Dia de los Locos

By June 15, 2009 Insights

Yesterday I spent the afternoon observing one of the most popular and colorful fiestas in San Miguel – Dia de los Locos – day of the crazies – in honor of Saint Anthony of Padua, patron saint of lost things. It’s really best described as a cross between Mardi Gras (without the puking), Halloween, and maybe the Gay Pride parade (without the nakedness).

Thousands of families line the parade route, while thousands more dressed as birds, cartoon figures, animals, aliens, drag queens… you name it, dance behind truck floats or bands blaring music, and throw handfuls of candy at the crowds. We dodged flying candy from the balconies of our almost-renovated dance studio on Hernandez Macias. It was amazing.
For a visual tour of the parade, see my pix on Facebook.
For a little history, here’s a nice excerpt from Gorden Jett’s article in MexicoFile

In the 17th and 18th centuries Catholic priests introduced San Pascual Bailon as the patron saint of field workers and kitchen workers. The newly converted Mexicans celebrated his “day” on May 17 by decorating themselves with tools and other symbols of their labor and dancing to the sounds of pagan flutes and drums.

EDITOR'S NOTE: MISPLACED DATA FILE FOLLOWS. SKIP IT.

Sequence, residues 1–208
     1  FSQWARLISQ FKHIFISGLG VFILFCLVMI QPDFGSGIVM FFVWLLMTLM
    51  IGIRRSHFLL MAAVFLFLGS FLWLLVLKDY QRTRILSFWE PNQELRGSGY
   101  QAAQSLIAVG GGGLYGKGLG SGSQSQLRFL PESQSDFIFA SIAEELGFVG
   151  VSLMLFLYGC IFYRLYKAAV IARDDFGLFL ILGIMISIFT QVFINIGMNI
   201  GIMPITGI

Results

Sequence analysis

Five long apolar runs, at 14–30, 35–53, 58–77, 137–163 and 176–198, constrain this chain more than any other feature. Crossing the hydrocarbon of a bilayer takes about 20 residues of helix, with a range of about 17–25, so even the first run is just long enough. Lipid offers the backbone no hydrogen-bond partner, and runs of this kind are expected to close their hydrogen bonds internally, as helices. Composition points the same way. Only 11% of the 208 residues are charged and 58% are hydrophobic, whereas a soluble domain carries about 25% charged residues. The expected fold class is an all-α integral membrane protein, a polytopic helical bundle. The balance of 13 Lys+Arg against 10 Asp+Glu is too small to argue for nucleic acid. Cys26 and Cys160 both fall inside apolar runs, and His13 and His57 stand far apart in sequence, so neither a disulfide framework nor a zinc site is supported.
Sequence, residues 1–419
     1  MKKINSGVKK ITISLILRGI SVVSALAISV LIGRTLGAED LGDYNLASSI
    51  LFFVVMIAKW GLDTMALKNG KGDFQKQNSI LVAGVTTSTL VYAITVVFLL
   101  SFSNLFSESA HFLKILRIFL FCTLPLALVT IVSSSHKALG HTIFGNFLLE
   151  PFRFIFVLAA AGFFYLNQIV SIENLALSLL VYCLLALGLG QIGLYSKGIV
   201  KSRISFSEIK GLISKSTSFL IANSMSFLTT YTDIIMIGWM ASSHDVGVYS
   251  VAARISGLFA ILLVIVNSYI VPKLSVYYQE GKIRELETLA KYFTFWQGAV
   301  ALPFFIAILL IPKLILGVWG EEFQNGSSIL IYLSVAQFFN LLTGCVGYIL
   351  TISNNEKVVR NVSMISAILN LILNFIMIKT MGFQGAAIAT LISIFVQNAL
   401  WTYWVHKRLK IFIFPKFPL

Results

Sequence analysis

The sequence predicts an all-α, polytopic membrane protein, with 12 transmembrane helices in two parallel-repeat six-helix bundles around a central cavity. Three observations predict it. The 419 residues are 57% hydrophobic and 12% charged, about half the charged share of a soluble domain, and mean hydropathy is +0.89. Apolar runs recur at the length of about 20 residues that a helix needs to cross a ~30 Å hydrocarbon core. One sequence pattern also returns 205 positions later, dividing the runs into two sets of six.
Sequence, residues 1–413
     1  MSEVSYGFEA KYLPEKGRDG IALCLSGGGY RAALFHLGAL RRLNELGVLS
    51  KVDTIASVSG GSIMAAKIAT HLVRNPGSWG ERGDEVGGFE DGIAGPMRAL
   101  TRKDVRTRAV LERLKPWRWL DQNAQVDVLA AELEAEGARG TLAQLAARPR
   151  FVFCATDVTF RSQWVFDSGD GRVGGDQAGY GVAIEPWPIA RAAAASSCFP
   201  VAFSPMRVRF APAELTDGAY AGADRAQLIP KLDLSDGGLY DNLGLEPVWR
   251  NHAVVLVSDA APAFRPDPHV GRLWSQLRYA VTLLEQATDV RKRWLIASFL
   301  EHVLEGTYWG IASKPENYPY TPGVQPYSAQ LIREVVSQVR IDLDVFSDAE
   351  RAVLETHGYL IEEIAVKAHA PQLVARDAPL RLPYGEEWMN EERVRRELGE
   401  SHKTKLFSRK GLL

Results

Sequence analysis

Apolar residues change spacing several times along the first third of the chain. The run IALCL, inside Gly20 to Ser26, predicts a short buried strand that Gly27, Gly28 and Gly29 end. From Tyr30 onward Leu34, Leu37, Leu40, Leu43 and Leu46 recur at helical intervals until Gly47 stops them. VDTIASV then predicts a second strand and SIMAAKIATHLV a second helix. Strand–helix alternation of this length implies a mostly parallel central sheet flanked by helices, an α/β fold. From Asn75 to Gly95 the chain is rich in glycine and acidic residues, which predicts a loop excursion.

To keep the paraders and observers separated, some paraders were dressed as scarecrows and their characteristic movements were described as “loco,” i.e., crazy. Somewhere along the way, paraders dressed as clowns replaced the field and kitchen workers, though the music and the dances stayed the same.

San Antonio de Padua’s day was celebrated on June 13th and it had its own dances. But the dances of San Pascual Bailon were so popular that they were also used for San Antonio’s celebration. Gradually the two celebrations melded and are now celebrated as one on the first Sunday following June 13.

Nowadays, neighborhood groups or groups of workers join together to make elaborate special costumes. Some ride on the back of trucks decorated as floats and some march the route. Almost all have bands or recorded music which competes in a glorious cacophony that is so characteristic of Mexico. Early on, the marchers handed out pears to the people along the parade route, but now each group throws candy into the crowd, causing even more noisy mayhem.